What Leads To The Anal Gland Removal? Complete Insights
As a responsible pet owner, you ensure that your pet, whether it's a cat or dog, is cared for. For this purpose, you should immediately respond to unusual changes in your pet's behavior or physical health. Pet owners get their pups or kitten to the veterinarian in a medical emergency, i.e., sudden injury or illness. But unfortunately, people might need to pay more attention to the several chronic diseases that develop and spread gradually. And may lead to death.
For example, anal sac conditions have become one of the most common diseases in dogs. Failure to start timely treatment may lead to aggressive dog anus gland removal. Want more details about symptoms, causes, treatments, and potential complications associated with anal gland removal surgery? Then stay connected with us till the end of the article!
Anatomy of Pet Anal Glands
Before diving into further discussion, it would be great to get detailed insights into the overall structure of the pet anal glands. Animals have two anal sacs or glands. Both are located beneath the skin. On the other hand, the anal sac duct opens into the edge of the anus. Both glands are linked with the anal sphincter muscle.
So, here's a question: why do pets undergo anal gland removal surgery? There could be multiple reasons for this.
Causes of Anal Gland Problems
It's no secret that our four-legged companions have their fair share of peculiarities. One such peculiarity is the anal glands. Situated on either side of their, well, posterior, these tiny, pea-sized sacs can sometimes run into a spot of bother. But what exactly leads to these complications? Let's have a look:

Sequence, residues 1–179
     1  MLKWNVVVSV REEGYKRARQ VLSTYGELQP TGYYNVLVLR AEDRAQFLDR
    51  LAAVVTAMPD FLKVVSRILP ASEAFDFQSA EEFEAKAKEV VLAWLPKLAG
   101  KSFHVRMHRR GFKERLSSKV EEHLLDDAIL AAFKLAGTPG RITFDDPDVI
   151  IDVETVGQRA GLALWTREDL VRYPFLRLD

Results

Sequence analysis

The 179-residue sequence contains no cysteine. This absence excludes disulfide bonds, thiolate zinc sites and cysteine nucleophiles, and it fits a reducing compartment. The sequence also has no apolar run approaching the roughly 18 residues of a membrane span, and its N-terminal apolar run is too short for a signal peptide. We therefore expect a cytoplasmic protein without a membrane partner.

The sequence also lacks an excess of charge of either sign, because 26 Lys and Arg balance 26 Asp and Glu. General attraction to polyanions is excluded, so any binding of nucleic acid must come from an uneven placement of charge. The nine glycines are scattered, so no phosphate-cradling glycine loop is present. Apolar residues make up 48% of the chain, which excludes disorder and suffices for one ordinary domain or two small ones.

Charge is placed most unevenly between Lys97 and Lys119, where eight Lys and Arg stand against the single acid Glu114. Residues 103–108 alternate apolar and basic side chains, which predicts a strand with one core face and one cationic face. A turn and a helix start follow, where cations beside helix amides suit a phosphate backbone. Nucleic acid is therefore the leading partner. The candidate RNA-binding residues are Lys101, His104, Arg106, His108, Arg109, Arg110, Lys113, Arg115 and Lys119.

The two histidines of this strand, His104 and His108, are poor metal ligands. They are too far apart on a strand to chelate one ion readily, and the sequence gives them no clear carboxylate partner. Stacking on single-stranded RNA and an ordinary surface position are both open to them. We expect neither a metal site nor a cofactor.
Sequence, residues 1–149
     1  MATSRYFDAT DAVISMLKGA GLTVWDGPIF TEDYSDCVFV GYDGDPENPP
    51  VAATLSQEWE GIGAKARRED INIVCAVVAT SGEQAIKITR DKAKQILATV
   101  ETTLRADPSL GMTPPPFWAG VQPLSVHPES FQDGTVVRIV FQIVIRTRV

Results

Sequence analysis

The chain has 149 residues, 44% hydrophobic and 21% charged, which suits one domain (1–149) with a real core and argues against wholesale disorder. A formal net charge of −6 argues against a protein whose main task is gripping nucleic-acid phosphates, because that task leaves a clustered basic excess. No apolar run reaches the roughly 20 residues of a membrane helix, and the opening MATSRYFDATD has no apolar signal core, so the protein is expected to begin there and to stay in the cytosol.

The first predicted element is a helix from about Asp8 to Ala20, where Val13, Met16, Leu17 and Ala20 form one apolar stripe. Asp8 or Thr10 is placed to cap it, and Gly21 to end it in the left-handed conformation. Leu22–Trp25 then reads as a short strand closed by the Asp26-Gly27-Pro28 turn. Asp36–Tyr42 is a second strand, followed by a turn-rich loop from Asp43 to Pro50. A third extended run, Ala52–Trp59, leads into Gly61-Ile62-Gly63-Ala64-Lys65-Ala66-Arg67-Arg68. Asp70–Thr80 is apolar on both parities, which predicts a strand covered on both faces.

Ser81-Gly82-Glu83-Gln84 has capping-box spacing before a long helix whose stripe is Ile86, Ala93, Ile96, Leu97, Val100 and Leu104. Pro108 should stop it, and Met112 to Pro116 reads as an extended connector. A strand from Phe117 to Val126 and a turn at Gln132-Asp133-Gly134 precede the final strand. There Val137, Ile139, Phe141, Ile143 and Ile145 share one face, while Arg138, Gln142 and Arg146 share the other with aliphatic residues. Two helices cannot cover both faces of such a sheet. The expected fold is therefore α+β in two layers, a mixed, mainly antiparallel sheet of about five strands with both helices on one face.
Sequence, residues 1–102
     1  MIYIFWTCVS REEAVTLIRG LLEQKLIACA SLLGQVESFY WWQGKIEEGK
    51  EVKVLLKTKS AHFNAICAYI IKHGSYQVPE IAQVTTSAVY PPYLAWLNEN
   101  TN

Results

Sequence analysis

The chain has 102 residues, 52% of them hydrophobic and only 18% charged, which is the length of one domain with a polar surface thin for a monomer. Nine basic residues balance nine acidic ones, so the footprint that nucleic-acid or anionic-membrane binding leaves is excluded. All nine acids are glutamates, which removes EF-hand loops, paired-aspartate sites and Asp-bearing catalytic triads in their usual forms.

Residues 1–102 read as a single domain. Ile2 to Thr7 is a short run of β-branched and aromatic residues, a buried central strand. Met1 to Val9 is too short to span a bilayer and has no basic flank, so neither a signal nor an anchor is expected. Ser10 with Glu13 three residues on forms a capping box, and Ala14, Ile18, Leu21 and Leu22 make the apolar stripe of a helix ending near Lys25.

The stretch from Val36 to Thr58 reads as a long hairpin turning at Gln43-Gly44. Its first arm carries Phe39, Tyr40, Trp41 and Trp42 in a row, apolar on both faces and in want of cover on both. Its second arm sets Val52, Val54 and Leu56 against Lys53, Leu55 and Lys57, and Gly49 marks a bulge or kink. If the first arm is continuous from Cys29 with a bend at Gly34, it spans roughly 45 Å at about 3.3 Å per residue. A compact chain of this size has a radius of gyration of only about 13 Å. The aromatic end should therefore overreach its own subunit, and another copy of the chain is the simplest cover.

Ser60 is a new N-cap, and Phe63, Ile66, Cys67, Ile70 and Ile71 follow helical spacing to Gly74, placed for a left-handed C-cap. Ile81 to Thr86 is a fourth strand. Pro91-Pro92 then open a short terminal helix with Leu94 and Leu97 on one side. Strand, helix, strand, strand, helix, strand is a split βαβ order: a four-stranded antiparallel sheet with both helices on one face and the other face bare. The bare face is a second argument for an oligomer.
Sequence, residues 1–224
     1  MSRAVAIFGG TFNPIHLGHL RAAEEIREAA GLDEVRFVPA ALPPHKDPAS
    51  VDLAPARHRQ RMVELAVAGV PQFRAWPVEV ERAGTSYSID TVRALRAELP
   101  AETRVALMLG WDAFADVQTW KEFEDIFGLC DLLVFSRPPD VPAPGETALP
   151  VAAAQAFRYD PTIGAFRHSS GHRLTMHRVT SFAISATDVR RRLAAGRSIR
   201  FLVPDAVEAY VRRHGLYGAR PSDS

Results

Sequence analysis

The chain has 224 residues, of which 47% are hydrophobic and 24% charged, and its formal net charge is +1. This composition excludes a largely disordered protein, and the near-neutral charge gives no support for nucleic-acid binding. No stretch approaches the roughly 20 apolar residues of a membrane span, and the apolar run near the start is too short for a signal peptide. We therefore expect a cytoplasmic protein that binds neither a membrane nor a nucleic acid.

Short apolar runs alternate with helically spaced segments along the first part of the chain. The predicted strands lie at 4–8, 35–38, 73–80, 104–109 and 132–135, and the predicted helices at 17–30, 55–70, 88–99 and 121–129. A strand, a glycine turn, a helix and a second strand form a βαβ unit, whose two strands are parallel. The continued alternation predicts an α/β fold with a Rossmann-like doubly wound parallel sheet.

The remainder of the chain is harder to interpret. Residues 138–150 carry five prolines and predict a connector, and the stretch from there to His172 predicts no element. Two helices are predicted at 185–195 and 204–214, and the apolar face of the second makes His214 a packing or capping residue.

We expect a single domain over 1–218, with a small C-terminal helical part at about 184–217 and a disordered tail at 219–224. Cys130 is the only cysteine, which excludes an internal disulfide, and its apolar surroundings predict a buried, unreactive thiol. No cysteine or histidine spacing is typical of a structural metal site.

- Poor Diet: Just like us humans, our pets' diets play a crucial role in their health. A poor diet can lead to soft stools, which may not adequately express the pet anal glands.
- Obesity: A tad surprising, isn't it? But, alas, it's true. Our chunkier companions may have a more challenging time 'doing the business,' leading to incomplete gland expression.
- Chronic Infections or Allergies: Recurrent infections or allergies can cause inflammation, making it difficult for the glands to empty correctly.
- Anal Sac Cancer: Another primary reason behind the removal of the glands. It's worth mentioning here that tumors in the anal sac are uncommon in dogs, but in case of their presence, they are usually malignant, also known as cancerous tumors.
In addition to this, the most common reasons behind anal sacs diseases are
- Abscessation (anal gland infection),
- Sacculitis (inflammation).
Small breed dogs such as Poodles and Chihuahuas are at high risk of Anal vasculitis and abscesses.
Symptoms of Anal Gland Problems
How do we tell when our furry pals are having a rough time with their anal glands? They can't exactly spell it out for us. But, bless their hearts, they have their ways of showing it:
- Scooting: If you catch your pet dragging behind on the carpet, they aren't just trying to dance. This is a tell-tale sign of anal gland issues.
- Constant Licking or Chewing: Keep an eye out for this one. If you see your pet constantly licking or chewing near their tail, it's time to pay attention.
- Changes in Bowel Movements: Changes in the consistency, color, or frequency of your pet's stool could indicate a problem.
At the end of the day, nobody knows your pet quite like you do. Whenever you notice any one of these symptoms in your pets, make sure to visit veterinarians. Because sometimes there could be more serious diseases, such as cancer, or a perianal fistula, may be present. It's pertinent to mention that a perianal fistula is an abnormal connection between the anus and its skin.
'Anal sacculectomy' is the surgical removal of the pet anal glands. It's usually considered a last resort after trying other less invasive treatments. It's performed under general anesthesia, and while it does come with an Anal gland removal recovery period, it can offer a long-term solution to recurrent anal gland issues.
This surgery can be performed unilaterally (on one side) or bilaterally (on both sides). Whether to perform unilateral or bilateral anal gland removal surgery is made on a case-by-case basis, depending on the severity of the infection or impaction and the dog's overall health.